The Dutch government today presented a draft bill that aims to give law enforcement the power to hack into computer systems -- including those located in foreign countires -- to do research, gather and copy evidence or block access to certain data.
Law enforcement should be allowed to block access to child pornography, read emails that contain information exchanged between criminals and also be able to place taps on communication, according to a draft bill published Thursday and signed by Ivo Opstelten, the Minister of Security and Justice. Government agents should also be able to engage in activities such as turning on a suspect's phone GPS to track their location, the bill said.
Opstelten announced last October he was planning to craft this bill.
Encryption of electronic data is increasingly becoming a problem for the police if they want to place taps, the draft reads. Services like Gmail and Twitter use standard encryption and many other services like Facebook and Hotmail provide encryption as an option while some smartphones automatically encrypt communication, it said. Moreover, services like Skype, WhatsApp and VPN-services can easily be encrypted.
Right now, the law enforcement agencies do not have the ability to adequately cope with encryption during criminal investigations, and this needs to change, according to the bill.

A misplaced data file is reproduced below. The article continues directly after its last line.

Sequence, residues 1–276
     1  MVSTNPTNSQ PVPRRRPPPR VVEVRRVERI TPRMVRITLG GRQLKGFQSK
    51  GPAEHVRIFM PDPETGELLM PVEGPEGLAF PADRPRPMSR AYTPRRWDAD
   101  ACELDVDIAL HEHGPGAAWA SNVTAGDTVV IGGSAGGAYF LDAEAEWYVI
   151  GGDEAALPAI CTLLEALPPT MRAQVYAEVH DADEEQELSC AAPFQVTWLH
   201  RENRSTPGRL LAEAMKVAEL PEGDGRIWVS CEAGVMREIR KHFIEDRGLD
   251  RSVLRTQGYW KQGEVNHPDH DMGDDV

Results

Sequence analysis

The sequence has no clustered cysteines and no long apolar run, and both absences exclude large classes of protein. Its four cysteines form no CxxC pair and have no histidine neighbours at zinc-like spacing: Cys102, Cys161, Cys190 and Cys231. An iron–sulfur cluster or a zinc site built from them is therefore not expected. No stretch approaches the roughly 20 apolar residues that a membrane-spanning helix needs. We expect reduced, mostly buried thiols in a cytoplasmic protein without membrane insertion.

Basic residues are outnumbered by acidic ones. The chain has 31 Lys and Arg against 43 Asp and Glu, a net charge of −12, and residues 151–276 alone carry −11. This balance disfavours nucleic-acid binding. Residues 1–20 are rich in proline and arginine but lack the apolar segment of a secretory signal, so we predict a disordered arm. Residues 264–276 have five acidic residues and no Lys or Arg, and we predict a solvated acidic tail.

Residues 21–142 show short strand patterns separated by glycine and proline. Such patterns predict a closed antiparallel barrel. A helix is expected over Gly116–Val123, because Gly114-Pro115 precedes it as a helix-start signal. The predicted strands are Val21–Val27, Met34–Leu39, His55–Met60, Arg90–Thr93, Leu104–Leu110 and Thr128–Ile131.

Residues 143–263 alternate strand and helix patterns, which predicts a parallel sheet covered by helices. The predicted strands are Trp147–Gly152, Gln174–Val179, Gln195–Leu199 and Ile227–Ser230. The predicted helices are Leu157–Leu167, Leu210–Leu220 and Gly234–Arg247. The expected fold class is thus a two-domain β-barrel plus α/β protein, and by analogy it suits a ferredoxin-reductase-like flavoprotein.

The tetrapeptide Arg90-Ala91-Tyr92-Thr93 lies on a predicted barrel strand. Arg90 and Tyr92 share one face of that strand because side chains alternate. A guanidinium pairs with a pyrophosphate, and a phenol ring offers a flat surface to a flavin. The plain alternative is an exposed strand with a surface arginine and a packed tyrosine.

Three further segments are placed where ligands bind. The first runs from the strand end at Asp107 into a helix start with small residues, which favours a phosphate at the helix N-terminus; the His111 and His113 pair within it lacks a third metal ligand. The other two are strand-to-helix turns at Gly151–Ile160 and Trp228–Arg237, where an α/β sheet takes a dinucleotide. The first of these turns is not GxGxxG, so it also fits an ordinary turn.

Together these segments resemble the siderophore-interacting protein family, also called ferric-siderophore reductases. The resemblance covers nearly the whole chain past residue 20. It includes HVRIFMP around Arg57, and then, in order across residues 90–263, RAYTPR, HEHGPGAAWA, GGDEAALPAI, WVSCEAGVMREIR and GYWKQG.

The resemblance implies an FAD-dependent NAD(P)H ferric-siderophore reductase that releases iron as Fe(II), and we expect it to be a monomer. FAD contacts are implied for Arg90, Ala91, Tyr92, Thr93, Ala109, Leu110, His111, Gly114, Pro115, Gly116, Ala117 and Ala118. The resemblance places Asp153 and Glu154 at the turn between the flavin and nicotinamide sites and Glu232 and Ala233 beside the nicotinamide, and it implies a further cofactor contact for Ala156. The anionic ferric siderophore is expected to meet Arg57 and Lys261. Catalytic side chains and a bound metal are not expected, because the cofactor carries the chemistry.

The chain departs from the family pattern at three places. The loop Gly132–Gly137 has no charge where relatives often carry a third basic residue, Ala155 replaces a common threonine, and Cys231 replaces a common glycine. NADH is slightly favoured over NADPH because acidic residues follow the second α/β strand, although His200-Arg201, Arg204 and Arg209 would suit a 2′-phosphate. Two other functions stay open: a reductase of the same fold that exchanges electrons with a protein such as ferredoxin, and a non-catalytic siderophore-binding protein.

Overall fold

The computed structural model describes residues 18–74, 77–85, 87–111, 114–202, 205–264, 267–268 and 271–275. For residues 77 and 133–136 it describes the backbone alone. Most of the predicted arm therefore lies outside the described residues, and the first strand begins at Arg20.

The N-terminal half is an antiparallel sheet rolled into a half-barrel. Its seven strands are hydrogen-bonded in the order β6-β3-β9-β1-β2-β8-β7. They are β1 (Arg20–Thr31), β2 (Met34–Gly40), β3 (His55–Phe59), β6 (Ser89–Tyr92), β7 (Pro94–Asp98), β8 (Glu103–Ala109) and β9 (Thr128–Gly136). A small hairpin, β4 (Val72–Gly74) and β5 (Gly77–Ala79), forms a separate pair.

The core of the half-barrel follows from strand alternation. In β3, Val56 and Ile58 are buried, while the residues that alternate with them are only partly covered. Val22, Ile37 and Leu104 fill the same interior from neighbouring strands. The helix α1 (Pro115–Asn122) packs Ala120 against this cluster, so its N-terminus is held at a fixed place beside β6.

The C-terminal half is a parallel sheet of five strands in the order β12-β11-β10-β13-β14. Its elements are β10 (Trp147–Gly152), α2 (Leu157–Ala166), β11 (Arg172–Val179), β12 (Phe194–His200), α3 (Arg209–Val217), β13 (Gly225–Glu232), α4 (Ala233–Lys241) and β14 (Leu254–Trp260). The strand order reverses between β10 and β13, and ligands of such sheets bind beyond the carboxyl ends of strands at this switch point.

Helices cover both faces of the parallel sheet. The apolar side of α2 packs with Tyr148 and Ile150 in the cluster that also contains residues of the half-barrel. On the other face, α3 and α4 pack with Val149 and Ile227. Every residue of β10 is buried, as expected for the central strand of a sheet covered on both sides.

Another problem is tackling distributed denial-of-service (DDoS) attacks that recently have been used to cripple the online services of Dutch banks and DigiD, an identity management platform used by Dutch government agencies. Criminals can use botnets paralyze vital parts of society and law enforcement needs better measures to deal with them, the bill's authors argued.
To disable a botnet it is necessary to access the command and control servers that control the botnet which can be located in a foreign country, according to the bill. The new investigative powers would also allow law enforcement to infiltrate computers or servers located in foreign countries if the location of those computers cannot be determined.
The bill also aims to force suspects who possess child pornography and suspects who are linked to terrorism activities to decrypt files on their computers. Ignoring such a decryption demand can lead to a maximum penalty of three years imprisonment.
Fencing of stolen data would also become punishable in order to prevent the misuse of stolen data that is published on the Internet after a hack or burglary. Publishing stolen data could land offenders in prison for a maximum of one year.
The bill foresees strict safeguards for the use of the new powers such as a the approval of a judge, the certification of software used and keeping logs of the investigation data.
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